New Tribes Mission Co-Founder Dies at 98


Robert “Borneo Bob” Williams, co-founder of Florida-based New Tribes Mission, which plants indigenous churches in remote areas worldwide, died Wednesday in Fresno, Calif., at the age of 98.

Through his 70-year ministry, Williams planted hundreds of churches in Indonesia, where he and his late wife, Rena, began their missionary career in 1939. During the next six decades, he established schools, clinics, a small boat ministry and a seminary that has trained and sent out hundreds of native Indonesian pastors, teachers and evangelists.

Williams was born on Nov. 27, 1910, and first came to faith at an Aimee Semple McPherson crusade in his native Denver. He and Rena were married in 1930 and attended the Foursquare Church’s LIFE Bible College in Los Angeles before joining forces with evangelist Paul Rader and his Courier Ministry. Rader introduced the Williamses to Robert Jaffray, an influential leader in Asian missions for the Christian & Missionary Alliance (CMA).

Jaffray challenged the Williamses to join him in taking the gospel to parts of Asia where it had not yet been preached. Instead the couple moved to Arizona where Williams pastored small churches and worked as a cowboy and part-time sheriff.

But Williams said the Lord kept after him. “One day I slipped out of my saddle, knelt in a sandy creek bed and prayed: “Lord, if you really want to use me, I will go anywhere you send me. … Let it be to people who have not yet heard the gospel,'” said Williams, whose life story recently was chronicled in the book, A Promise Kept: The 70-year Ministry of Borneo’s Jungle Evangelist.

As missionaries of a newly formed ministry called Go-Ye Fellowship, the Williamses set out with their daughter, Starr, and son, Robert Lee, for Asia with just $12 and God’s promise from Isaiah 58:11: “The Lord shall guide thee continually.”

In 1939, they attended Jaffray’s language school in what is now known as Indonesia, then established their first mission station in West Borneo, working in partnership with the CMA. Williams regularly walked or paddled deep into the jungles to share Christ with the native Malay and Dayak peoples. As he planted churches among the Dayak tribes, he routinely faced dangers from poisonous snakes, crocodiles, malaria and powerful witch doctors.

The Williams family barely escaped with their lives during the Japanese invasion of Borneo in 1942. But once home in the U.S., Williams continued to sound the call for missions. In 1943, he and his friends Paul Fleming and Cecil Dye signed the founding document of New Tribes Mission (NTM), envisioning the launch of 5,000 missionaries into unreached areas.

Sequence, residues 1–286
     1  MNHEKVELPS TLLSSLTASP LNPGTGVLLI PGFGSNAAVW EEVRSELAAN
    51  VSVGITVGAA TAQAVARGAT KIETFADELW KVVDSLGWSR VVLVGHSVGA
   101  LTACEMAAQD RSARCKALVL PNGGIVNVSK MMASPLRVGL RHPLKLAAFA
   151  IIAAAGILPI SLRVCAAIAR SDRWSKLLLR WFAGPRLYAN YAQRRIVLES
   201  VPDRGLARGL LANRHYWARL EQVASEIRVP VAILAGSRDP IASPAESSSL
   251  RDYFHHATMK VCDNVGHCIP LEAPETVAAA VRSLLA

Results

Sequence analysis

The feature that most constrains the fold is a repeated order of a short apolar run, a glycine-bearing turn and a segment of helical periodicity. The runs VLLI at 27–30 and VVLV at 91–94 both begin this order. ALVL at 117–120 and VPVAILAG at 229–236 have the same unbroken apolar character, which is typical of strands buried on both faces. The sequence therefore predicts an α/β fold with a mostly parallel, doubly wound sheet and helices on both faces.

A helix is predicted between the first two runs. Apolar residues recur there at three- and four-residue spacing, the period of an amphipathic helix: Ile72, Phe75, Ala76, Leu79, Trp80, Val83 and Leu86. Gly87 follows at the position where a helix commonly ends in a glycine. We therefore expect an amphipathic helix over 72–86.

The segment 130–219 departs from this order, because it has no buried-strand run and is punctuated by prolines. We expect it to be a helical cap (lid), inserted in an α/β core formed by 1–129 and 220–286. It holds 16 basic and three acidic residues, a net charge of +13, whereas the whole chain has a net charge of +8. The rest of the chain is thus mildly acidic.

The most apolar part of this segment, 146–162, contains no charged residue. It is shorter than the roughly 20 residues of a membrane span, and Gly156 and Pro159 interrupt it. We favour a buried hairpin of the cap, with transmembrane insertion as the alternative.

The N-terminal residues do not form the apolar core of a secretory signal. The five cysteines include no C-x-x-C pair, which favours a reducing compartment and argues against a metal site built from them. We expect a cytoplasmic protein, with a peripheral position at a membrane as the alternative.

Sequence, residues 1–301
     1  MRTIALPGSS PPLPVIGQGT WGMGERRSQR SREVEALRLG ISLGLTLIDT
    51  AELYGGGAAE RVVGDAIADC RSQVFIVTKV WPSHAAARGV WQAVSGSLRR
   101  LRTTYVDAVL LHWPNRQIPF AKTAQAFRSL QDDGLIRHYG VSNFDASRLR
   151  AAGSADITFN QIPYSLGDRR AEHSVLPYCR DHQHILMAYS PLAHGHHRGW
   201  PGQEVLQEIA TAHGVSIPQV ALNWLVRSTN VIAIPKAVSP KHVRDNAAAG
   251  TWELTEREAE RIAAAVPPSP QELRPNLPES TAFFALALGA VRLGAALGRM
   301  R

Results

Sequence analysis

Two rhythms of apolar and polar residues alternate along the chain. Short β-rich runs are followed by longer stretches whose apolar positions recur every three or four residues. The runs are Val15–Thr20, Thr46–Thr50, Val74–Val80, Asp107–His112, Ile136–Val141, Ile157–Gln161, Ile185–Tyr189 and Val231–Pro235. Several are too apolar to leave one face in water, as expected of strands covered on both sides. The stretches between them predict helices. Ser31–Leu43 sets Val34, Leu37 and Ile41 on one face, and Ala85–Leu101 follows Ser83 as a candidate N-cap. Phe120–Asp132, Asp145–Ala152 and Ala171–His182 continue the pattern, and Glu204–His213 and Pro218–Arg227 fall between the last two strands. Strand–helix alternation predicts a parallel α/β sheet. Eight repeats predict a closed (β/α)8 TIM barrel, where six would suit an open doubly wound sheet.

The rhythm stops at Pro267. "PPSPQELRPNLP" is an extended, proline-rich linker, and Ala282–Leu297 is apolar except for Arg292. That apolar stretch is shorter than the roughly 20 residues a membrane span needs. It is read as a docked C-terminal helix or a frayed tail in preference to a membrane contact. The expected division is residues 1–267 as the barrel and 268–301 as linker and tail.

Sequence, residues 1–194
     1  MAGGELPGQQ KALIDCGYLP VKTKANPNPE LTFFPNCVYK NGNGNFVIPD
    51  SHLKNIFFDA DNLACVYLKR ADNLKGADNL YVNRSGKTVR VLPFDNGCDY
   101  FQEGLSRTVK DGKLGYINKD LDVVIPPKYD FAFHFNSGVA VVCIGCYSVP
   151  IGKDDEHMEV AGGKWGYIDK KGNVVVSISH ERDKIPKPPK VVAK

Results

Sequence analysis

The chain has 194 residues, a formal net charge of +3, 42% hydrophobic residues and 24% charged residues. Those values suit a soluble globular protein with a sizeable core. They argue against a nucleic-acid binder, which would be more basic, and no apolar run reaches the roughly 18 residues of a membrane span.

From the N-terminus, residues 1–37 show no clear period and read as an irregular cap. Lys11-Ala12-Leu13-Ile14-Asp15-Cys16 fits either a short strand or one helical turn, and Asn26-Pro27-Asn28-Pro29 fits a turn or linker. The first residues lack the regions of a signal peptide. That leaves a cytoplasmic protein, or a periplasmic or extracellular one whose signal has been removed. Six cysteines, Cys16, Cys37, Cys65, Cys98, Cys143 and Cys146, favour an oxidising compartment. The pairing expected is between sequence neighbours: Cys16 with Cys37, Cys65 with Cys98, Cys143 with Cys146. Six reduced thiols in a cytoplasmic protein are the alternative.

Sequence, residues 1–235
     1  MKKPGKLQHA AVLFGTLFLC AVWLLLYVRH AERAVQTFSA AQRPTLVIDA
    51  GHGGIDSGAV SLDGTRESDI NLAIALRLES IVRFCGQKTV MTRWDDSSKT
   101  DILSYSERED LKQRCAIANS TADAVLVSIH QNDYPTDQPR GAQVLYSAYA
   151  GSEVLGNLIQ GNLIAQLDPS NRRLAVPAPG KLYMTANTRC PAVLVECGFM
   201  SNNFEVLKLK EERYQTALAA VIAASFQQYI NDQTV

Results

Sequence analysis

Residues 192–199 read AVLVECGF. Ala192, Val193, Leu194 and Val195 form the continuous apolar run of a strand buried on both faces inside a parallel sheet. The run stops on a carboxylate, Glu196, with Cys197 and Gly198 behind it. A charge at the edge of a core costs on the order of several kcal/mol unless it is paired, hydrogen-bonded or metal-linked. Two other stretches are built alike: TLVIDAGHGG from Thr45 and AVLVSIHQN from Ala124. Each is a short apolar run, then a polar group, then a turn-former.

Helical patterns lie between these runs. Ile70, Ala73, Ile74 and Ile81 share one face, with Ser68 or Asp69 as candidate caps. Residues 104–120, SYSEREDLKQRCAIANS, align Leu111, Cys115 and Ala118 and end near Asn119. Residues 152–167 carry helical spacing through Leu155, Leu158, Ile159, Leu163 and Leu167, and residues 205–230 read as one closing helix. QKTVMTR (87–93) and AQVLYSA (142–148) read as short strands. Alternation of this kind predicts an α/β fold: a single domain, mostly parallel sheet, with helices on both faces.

After the war, Williams continued to support NTM but returned with his family to Borneo and the primitive Dayak tribes he had come to love. Each year he pushed deeper and deeper into the jungles, bringing with him young Dayak pastors whom he had discipled. In the ensuing years, he also purchased several boats to pick up people living along the Kapuas River and take them to the churches, clinics and schools that he started.

“Borneo Bob” baptized thousands of Dayak, Malay and Chinese believers that he personally led to Christ in villages he visited. He was affectionately called Opa (Dutch for grandfather) as his fame spread throughout the region. One of his greatest joys was the establishment of the Seminaria Theologica Kalimantan (STK) in Pontianak, West Kalimantan (Borneo), which he founded with the help of Indonesian leader Ronny Welong.

In the 1980s and 1990s, Indonesia began severely restricting Western missionaries, but by then Williams’ ministries were already under the leadership of native workers. In 1988 he moved to Fresno, Calif., so he and Rena could get medical care and be closer to family.

Though he was retired, Bob Williams served as a visitation pastor at Northwest Church in Fresno, led Bible studies and prompted the formation of Asian Partners Inc. to help support STK. In his 80s and 90s he continued to lead missions teams into Borneo. His last visit was at the age of 96.

Earlier this year he reflected: “I still marvel at God’s blessing in giving me a 70-year career in Borneo. Not many live to such an age in a place with so much disease and danger. Surely the Lord kept His promise to guide me continually.”

He and Rena were married for 67 years. She died in 1998. They are survived by their daughter, Starr Madsen; sons Robert Lee Williams and Roger Williams; 10 grandchildren and 18 great grandchildren.


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